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Marijuana's legal in Michigan, but employers can drug test for it: What workers should know

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As more and more recreational marijuana dispensaries open around Michigan, and notably in big cities like Detroit, employers are increasingly confronted with questions about how to handle testing employees for cannabis.

Some Michigan employers began reexamining drug testing policies in 2008, when medical marijuana was legalized in Michigan, employment lawyers and staffing firm executives say. The movement to reexamine these policies gained momentum again in 2018, when recreational marijuana was legalized, and again in recent years, as employers have struggled to hire.

One recent example: Last week, the Detroit Free Press reported that the state of Michigan rejected 151 job applicants last year who had already received conditional offers of employment, after they tested positive for marijuana, according to the Office of State Employer, even as it faced a hiring crunch. That's more than triple the 49 failed marijuana tests in 2018, the last year recreational marijuana was illegal under state law, and it's also more than double the 71 failed marijuana tests resulting from the state hiring process in 2021.

Other companies and states around the country are grappling with an increase in positive tests for marijuana.

Marijuana positivity surged in 2020 in the general U.S. workforce, according to the most recent data available from Quest Diagnostics, a New Jersey-based company that analyzes millions of workplace drug tests every year. In states where recreational marijuana is legal, marijuana positivity increased by the largest percentage compared with other states, from 2.2% in 2012 to 4.8% in 2020.

"It's a real balancing act for my clients in a tight labor market to recruit and retain the workers while still maintaining drug policies that are consistent with a patchwork of state and local testing laws and still have a safe workplace," Brian Kreucher, a labor and employment attorney at the Royal Oak-based law firm Howard & Howard Attorneys PLLC, said.

The Detroit Free Press talked with Kreucher about how employers are approaching testing for marijuana, and what that means for job seekers and workers.

This interview has been edited for length and clarity.

QUESTION: Are employers dropping marijuana from the pre-employment drug testing screening? (Employers typically screen for amphetamines, cocaine, marijuana, phencyclidine and opiates.)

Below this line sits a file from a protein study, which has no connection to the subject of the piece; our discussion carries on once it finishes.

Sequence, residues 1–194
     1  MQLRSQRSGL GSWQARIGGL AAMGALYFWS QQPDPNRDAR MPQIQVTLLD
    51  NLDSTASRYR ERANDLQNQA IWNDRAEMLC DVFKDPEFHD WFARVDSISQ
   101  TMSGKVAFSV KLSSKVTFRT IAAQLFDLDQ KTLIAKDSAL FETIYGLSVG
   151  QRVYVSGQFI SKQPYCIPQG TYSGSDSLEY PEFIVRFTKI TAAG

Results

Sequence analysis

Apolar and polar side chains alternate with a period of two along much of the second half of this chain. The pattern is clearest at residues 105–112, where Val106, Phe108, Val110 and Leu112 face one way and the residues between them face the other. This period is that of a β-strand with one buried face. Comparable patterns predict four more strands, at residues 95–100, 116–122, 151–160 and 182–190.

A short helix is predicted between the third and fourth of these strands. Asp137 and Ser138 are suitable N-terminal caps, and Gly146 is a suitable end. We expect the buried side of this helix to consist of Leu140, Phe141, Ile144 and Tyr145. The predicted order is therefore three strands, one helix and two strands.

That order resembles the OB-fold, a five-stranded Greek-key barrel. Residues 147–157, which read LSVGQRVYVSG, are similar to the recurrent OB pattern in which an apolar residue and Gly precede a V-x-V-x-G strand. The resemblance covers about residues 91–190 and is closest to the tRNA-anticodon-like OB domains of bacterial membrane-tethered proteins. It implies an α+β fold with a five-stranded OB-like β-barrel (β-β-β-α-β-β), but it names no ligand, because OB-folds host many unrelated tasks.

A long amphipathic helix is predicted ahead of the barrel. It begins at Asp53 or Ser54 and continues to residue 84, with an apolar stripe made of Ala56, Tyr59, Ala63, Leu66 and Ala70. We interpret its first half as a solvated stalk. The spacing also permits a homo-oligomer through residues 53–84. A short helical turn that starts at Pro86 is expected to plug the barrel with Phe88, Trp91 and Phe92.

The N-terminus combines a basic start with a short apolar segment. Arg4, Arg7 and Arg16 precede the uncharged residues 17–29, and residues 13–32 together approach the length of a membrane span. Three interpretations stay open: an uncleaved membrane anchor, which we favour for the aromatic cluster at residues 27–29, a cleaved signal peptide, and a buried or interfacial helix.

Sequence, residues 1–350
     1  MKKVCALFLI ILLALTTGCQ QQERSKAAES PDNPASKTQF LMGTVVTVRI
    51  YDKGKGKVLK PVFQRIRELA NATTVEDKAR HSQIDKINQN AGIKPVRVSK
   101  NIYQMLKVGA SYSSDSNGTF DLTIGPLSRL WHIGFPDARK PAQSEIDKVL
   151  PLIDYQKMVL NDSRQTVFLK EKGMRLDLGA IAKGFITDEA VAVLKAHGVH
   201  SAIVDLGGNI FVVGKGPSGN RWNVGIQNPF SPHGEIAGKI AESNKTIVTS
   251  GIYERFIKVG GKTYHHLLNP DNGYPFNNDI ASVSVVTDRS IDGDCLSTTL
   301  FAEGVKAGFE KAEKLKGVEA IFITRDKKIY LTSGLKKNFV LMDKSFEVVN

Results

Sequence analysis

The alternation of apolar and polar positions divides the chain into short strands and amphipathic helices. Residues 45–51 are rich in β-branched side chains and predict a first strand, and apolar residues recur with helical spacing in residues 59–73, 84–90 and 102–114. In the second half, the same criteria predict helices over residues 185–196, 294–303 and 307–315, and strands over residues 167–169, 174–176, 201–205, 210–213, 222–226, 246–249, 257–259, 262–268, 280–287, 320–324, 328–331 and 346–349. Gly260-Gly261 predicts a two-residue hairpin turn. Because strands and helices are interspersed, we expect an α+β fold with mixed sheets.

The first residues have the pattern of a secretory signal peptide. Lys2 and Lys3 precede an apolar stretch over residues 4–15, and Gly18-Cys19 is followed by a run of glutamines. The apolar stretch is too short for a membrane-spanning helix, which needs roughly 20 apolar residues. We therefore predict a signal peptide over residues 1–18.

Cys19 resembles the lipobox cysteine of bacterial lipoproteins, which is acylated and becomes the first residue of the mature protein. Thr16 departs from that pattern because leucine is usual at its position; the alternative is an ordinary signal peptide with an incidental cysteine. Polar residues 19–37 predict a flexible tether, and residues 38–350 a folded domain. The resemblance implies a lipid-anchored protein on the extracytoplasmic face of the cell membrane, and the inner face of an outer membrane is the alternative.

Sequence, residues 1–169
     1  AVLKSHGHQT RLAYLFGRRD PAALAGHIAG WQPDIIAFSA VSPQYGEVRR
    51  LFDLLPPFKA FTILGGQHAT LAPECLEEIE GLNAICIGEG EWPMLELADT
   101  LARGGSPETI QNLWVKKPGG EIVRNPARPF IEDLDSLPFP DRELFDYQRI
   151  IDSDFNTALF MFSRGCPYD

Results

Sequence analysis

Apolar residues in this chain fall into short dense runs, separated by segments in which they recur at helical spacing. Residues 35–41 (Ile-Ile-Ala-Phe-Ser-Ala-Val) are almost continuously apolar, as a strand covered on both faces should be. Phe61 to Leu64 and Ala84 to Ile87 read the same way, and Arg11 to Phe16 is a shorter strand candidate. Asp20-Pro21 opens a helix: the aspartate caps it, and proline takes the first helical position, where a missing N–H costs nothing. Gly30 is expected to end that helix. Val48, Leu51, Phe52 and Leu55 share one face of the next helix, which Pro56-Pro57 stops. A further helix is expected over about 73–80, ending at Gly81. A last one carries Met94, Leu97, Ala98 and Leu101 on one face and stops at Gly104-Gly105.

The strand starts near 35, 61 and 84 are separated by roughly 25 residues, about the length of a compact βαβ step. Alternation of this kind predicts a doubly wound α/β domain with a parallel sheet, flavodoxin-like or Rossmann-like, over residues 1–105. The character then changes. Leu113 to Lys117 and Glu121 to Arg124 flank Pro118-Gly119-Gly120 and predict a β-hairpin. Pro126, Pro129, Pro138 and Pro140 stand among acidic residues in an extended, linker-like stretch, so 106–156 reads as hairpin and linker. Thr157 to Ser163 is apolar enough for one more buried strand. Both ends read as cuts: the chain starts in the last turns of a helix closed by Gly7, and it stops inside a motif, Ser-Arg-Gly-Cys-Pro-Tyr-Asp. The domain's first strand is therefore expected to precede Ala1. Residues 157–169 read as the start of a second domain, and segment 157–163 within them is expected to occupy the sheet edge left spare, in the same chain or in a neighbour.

ANSWER: I've got some clients that have dropped it. Other clients tell me, 'Nope, we're not having any difficulties. We're maintaining our policy, that positive (THC) test results for applicants are a disqualifying factor.' But others have dropped it because they have a work environment that might have fewer workplace safety concerns than a manufacturing facility, for example, where employees are around heavy equipment.

Suppose it's a manufacturing facility, where employees are around robots and dangerous heavy equipment. In that case, employers are probably more reluctant to drop marijuana from the panel because of the severe consequences of losing a limb or a life in a manufacturing facility.

Q: Given that marijuana is legal for recreational use in Michigan, can an employer discipline or fire an employee if they test positive for marijuana on a drug screening?

A: The law is still such that no employer needs to accommodate even medical marijuana use in the workplace. They can discipline and fire employees if they are using while on duty or are impaired or under the influence while at work. THC (the main psychoactive compound in cannabis) remains in the system for an extended period of time. We don't currently have any available testing that accurately would indicate a level of intoxication at a particular time.

So employers might have an employee who tests positive for marijuana in a post-accident drug test. Is that enough to fire that employee in Michigan? It would be. But employers really need to focus on the behavior and train their supervisors to recognize the signs of being under the influence of marijuana.

Once in a while, employers will have the person caught on video vaping, for example, or a coworker witnessing the act. But by and large, they're not going to have that kind of smoking-gun evidence. So then it's going to be incumbent on the employer's supervisors to be able to identify, 'Well, why do we think this person is impaired?' It's good to have objective evidence of slurred speech or glazed eyes, for example.

Q: President Joe Biden announced in October that he would ask the departments of Justice, and Health and Human Services to review how marijuana should be scheduled under federal law. Currently, marijuana is considered a Schedule 1 substance, meaning it has a high potential for abuse or no currently accepted medical use in treatment in the U.S. If marijuana is scheduled differently, how could that change drug testing?

A: Employers, at the point marijuana is rescheduled or descheduled, would want to take a close look at their drug policies. Many drug testing policies currently have a provision that says employers can take adverse employment action for illegal drug use under either state or federal law.

The federal law has been the caveat that many employers keep in their drug testing policies because it's still a Schedule 1 drug. Now, if that's dropped, their policies would have to be revised.

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